Walking a fine line: Copyright Infringement
A recent case, Signature Realty Ltd v Fortis Developments Ltd and another  EWHC 3583 (Ch), 17 February 2017 reminds us that planning permission drawings, published on the local authority’s website are still the property of the architect in terms of copyright. We should not confuse the council’s stipulation that a building must be developed as per the drawings submitted as an implied permission for anyone to utilise the drawings freely. A copyright licence must still be obtained from the copyright owner.
Signature noticed an opportunity to develop a building into student accommodation for foreign investors to develop and sell on. The foreign investors formed a company (Wordsworth Realty Limited) and whilst in the process of obtaining planning permission exchanged contracts with Branchester, the original owner. The planning permission was granted on the condition that the development was carried out in accordance with the drawings of Signature’s architect C&W. The drawings were published together with details of the planning permission on Sheffield Council’s Planning Portal.
Wordsworth failed to complete on two occasions and the property was consequently sold to another developer Fortis Developments Ltd.
Fortis subsequently began to download the architectural drawings available on the Sheffield Planning Portal for estimation and marketing purposes. Signature had the copyright ownership assigned to it by C&W so that it could bring a claim for damages. Signature argued that the copyright infringement occurred at the point of use for marketing and estimation purposes and continued by use of the drawings for development and construction of the site.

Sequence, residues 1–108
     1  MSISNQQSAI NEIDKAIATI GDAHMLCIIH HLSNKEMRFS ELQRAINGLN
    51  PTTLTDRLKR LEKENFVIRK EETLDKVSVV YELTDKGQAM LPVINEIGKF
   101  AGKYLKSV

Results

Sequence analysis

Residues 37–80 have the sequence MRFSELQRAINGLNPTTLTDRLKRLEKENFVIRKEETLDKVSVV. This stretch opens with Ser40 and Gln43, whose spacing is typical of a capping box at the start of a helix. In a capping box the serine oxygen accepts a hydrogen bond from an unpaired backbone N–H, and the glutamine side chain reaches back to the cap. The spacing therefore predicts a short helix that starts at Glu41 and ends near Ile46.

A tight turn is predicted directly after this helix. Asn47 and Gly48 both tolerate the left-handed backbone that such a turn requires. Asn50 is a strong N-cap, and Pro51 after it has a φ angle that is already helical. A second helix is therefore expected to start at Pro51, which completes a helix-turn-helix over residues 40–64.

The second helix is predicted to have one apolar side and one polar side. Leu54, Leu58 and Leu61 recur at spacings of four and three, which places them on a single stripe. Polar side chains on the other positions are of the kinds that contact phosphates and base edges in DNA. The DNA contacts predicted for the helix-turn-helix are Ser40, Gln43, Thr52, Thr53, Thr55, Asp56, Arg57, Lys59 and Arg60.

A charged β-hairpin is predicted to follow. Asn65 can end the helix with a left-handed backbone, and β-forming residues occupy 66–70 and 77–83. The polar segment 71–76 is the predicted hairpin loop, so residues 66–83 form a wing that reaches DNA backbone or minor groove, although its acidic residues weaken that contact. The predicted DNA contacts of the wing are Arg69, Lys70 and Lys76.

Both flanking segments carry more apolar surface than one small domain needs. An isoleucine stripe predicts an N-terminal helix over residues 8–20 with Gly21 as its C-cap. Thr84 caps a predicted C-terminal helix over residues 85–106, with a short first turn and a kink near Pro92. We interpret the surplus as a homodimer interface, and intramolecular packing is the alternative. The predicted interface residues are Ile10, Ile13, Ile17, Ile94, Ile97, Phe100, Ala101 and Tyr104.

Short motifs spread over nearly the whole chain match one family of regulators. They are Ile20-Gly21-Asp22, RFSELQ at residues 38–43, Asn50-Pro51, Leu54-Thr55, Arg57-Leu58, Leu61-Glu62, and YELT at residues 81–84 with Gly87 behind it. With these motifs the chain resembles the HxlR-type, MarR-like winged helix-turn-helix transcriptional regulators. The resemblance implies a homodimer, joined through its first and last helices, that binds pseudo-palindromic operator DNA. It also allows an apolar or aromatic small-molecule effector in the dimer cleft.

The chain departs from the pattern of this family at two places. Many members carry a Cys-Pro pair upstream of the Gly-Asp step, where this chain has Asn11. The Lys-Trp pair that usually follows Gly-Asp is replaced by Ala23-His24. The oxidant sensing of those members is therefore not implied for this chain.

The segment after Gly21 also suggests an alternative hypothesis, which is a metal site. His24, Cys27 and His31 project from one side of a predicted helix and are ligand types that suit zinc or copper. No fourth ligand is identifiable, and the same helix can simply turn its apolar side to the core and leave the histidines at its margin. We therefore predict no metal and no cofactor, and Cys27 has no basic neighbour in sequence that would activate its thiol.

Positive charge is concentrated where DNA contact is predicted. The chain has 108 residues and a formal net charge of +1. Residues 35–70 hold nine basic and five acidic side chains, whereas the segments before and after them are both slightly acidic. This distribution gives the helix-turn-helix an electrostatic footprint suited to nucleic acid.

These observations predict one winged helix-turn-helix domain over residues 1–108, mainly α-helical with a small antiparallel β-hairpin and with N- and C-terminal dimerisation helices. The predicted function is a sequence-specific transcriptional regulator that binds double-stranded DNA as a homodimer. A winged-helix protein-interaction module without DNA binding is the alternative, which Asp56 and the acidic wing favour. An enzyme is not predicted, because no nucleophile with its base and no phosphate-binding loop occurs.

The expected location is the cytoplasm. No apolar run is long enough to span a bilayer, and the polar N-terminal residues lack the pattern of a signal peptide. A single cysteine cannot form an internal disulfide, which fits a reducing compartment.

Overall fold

The decision of the judge was an unsurprising one; the use of the drawings was deemed a copyright infringement.
However, it is interesting to note that, in other situations an architect may fail to claim copyright infringement if they complete the drawings in accordance with their client’s instructions and are then paid their professional fee in full. If the client then goes on to gain successful planning permission and subsequently sells the site the implied licence between an architect and their client can be transferred to an incoming purchaser of the site (Blair v Osborne & Tomkins  2 QB 78).
In any event, no assumptions can be made. The case in question highlights that there is a fine line between utilising the planning permission attached to the land for the benefit of constructing a future development and copyright infringement through use of the plans on which that planning permission was granted. Therefore, any developer acquiring a site must ensure they obtain a collateral warranty which includes a copyright licence or that they appoint the architect (if they are still the copyright owner) to complete the design of its development.